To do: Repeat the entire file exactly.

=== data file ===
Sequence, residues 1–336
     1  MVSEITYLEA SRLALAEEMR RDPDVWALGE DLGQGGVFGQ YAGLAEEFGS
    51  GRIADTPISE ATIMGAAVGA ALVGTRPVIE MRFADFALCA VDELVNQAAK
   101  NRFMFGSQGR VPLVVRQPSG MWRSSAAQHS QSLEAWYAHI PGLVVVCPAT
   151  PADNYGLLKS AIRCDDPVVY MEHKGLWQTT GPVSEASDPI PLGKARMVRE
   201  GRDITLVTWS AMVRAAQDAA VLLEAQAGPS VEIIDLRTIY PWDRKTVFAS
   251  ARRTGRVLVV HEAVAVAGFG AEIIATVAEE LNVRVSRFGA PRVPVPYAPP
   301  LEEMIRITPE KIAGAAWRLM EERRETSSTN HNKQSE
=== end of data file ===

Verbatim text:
Sequence, residues 1–336
     1  MVSEITYLEA SRLALAEEMR RDPDVWALGE DLGQGGVFGQ YAGLAEEFGS
    51  GRIADTPISE ATIMGAAVGA ALVGTRPVIE MRFADFALCA VDELVNQAAK
   101  NRFMFGSQGR VPLVVRQPSG MWRSSAAQHS QSLEAWYAHI PGLVVVCPAT
   151  PADNYGLLKS AIRCDDPVVY MEHKGLWQTT GPVSEASDPI PLGKARMVRE
   201  GRDITLVTWS AMVRAAQDAA VLLEAQAGPS VEIIDLRTIY PWDRKTVFAS
   251  ARRTGRVLVV HEAVAVAGFG AEIIATVAEE LNVRVSRFGA PRVPVPYAPP
   301  LEEMIRITPE KIAGAAWRLM EERRETSSTN HNKQSE